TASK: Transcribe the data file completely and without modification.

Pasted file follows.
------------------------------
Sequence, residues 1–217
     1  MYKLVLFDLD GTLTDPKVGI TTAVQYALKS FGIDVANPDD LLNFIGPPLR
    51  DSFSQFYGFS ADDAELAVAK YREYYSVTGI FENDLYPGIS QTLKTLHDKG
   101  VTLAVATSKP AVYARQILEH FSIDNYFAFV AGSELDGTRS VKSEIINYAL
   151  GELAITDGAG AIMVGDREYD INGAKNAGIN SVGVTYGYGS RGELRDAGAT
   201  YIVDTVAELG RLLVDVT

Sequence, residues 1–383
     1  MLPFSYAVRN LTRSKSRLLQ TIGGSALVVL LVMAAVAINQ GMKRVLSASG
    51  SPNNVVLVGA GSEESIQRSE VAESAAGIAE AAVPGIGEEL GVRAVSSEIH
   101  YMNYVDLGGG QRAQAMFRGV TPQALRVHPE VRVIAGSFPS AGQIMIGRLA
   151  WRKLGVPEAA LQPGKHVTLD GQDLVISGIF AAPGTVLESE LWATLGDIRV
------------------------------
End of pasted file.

Sequence, residues 1–217
     1  MYKLVLFDLD GTLTDPKVGI TTAVQYALKS FGIDVANPDD LLNFIGPPLR
    51  DSFSQFYGFS ADDAELAVAK YREYYSVTGI FENDLYPGIS QTLKTLHDKG
   101  VTLAVATSKP AVYARQILEH FSIDNYFAFV AGSELDGTRS VKSEIINYAL
   151  GELAITDGAG AIMVGDREYD INGAKNAGIN SVGVTYGYGS RGELRDAGAT
   201  YIVDTVAELG RLLVDVT

Sequence, residues 1–383
     1  MLPFSYAVRN LTRSKSRLLQ TIGGSALVVL LVMAAVAINQ GMKRVLSASG
    51  SPNNVVLVGA GSEESIQRSE VAESAAGIAE AAVPGIGEEL GVRAVSSEIH
   101  YMNYVDLGGG QRAQAMFRGV TPQALRVHPE VRVIAGSFPS AGQIMIGRLA
   151  WRKLGVPEAA LQPGKHVTLD GQDLVISGIF AAPGTVLESE LWATLGDIRV